Bad news! The mil­len­ni­als’ must-have su­per­food funds Mex­ico’s drug lords

Sunday Express - - CRASH THAT CHANGED THE RAILWAYS - Mike Parker

BRI­TISH restau­rants are be­ing urged to re­move trendy av­o­ca­dos from their menus be­cause some of the prof­its from the so-called su­per­food are go­ing straight into the cof­fers of Mex­ico’s drug car­tels.

Fol­low­ing a se­ries of bru­tal mur­ders, kid­nap­pings and ex­tor­tion rack­ets, they have seized con­trol of some of the farms and or­chards where the savoury fruit – beloved by mil­len­ni­als for its nutri­tional con­tent – is grown.

Now ter­ri­fied farm­ers and lo­cals in the Mex­i­can state of Mi­choa­can, where more than half the coun­try’s ex­port crop is cul­ti­vated, re­fer to their prod­uct as “blood av­o­ca­dos” and es­ti­mate one car­tel alone is reap­ing as much as £150mil­lion a year from Bri­tish con­sumers.

As­ton­ish­ingly, that car­tel – Los Ca­balleros Tem­plar­ios, or Knights Tem­plar – is rak­ing in more money from av­o­ca­dos than it does from mar­i­juana, ac­cord­ing to state au­thor­i­ties.

Al­ready, one Bri­tish restau­rant has JP McMa­hon, who owns Miche­lin­starred restau­rants Aniar and Tartare in Gal­way, de­scribed av­o­ca­dos as “the blood di­a­monds of Mex­ico”, ad­ding: “Restau­rants should stop serv­ing them.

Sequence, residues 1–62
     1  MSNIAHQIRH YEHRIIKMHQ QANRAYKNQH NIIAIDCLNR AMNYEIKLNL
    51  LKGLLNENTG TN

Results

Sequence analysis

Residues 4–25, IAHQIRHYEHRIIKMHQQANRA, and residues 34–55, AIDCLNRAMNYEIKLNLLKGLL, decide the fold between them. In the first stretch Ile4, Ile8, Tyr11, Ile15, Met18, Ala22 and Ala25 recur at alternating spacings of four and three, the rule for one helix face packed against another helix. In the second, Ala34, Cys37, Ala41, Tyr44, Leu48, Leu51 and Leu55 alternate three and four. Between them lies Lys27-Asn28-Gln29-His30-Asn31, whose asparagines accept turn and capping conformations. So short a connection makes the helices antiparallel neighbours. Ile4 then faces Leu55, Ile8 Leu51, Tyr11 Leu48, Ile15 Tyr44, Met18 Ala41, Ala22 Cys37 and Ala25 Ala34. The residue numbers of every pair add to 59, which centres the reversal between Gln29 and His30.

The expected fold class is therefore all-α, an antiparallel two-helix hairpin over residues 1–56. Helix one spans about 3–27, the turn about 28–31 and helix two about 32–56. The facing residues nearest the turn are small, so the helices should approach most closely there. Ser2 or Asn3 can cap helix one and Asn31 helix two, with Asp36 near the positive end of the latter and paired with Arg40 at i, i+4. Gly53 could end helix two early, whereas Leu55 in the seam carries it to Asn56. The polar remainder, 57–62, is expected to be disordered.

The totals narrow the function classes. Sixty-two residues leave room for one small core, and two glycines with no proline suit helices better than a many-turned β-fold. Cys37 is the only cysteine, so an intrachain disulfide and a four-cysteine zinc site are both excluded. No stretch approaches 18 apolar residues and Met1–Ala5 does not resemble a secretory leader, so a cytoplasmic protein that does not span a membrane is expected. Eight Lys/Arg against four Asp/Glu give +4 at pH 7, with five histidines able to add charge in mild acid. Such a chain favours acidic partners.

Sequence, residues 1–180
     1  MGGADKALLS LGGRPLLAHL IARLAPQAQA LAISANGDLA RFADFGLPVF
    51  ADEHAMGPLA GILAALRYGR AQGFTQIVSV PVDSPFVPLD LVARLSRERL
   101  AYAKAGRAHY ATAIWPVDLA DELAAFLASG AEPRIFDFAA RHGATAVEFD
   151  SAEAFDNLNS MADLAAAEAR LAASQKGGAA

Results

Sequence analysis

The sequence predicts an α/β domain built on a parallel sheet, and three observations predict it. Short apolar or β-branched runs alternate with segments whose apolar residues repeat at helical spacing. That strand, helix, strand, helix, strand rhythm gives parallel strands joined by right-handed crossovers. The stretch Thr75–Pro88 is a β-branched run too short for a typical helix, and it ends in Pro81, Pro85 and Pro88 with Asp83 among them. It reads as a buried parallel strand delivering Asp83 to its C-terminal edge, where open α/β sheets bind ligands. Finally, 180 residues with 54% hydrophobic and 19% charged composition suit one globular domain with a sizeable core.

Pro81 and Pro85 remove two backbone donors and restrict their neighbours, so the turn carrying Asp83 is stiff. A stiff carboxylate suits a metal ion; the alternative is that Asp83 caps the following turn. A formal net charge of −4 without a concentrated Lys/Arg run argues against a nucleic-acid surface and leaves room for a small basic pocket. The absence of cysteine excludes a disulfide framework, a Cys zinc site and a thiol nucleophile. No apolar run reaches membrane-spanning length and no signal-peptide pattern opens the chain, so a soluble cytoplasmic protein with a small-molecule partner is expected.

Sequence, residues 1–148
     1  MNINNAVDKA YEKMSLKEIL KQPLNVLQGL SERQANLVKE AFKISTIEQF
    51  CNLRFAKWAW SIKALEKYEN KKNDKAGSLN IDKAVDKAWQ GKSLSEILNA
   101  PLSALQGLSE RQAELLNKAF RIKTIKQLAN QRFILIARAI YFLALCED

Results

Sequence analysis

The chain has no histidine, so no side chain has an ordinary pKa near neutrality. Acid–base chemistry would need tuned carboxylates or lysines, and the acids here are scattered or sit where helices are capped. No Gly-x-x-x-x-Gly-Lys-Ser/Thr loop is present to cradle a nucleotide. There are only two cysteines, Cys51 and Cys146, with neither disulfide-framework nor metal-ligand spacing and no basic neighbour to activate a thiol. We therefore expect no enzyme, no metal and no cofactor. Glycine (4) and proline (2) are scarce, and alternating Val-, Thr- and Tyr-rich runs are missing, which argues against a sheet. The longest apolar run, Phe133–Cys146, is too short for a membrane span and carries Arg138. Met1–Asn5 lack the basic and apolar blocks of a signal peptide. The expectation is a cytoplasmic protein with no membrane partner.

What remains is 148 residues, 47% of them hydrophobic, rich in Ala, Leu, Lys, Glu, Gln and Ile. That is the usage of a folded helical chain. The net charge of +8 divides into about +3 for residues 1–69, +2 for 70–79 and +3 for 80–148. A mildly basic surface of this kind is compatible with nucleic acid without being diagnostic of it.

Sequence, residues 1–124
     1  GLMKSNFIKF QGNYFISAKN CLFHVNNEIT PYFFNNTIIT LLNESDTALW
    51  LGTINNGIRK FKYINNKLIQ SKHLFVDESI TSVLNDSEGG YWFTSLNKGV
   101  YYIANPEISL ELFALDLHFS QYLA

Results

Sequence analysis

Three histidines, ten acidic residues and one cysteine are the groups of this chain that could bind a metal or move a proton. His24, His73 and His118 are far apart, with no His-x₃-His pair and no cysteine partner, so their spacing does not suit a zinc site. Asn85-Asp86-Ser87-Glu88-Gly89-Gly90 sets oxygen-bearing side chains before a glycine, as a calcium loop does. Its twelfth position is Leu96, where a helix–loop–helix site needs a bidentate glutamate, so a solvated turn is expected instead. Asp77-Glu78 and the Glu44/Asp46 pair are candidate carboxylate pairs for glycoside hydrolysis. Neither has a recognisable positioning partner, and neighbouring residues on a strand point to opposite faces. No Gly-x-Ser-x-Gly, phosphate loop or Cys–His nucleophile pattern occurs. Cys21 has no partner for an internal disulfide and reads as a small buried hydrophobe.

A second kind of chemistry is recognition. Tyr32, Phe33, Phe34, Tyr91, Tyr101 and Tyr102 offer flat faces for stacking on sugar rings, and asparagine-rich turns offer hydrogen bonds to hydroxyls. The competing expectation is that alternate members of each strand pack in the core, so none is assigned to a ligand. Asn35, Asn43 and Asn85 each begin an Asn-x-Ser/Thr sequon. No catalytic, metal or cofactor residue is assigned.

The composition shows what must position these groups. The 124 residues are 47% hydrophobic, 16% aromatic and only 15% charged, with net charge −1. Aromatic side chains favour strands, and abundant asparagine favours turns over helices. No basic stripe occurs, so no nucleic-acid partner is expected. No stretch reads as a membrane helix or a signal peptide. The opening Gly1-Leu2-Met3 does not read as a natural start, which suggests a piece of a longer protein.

“I don’t use them be­cause of the im­pact they have on the coun­tries they are com­ing from – de­for­esta­tion in Chile and vi­o­lence in Mex­ico. They are akin to bat­tery chick­ens.” McMa­hon also urged the pub­lic to stop eat­ing them. “Change won’t hap­pen un­less con­sumers avoid them. We don’t use any in our restau­rants and there are plenty of al­ter­na­tives.

“We have Jerusalem ar­ti­chokes with hol­landaise on our brunch menu, for ex­am­ple, and there are all sorts of other op­tions for peo­ple who enjoy av­o­ca­dos.”

Some restau­ra­teurs be­lieve the av­o­cado fad has run its course. Paul Warburton, owner of Franks Can­teen in High­bury, north Lon­don, de­clared: “They’ve be­come bor­ing. Ev­ery cafe in the world sells them. Yawn.”

He also re­fuses to serve them for en­vi­ron­men­tal rea­sons, ad­ding: “It takes so much wa­ter to grow them and so many trees have to be chopped down. We try to stay sea­sonal here... and how are av­o­ca­dos sea­sonal to north Lon­don?”

In Mi­choa­can, Gover­nor Sil­vano Aure­oles Conejo has promised more state and fed­eral troops will be drafted into the re­gion to try to stamp out bru­tal turf wars over av­o­cado pro­duc­tion.

Since he was sworn into of­fice in Oc­to­ber, 2015, the state has recorded a hor­ri­fy­ing 3,369 homi­cides.

In one at­tack this month, eight mourn­ers at a funeral par­lour were shot dead, in­clud­ing a 17-year-old, sim­ply be­cause they worked for the farmer who was be­ing buried.

He had been gunned down a week ear­lier for de­fy­ing car­tel “soldiers” and re­fus­ing to hand over his land.

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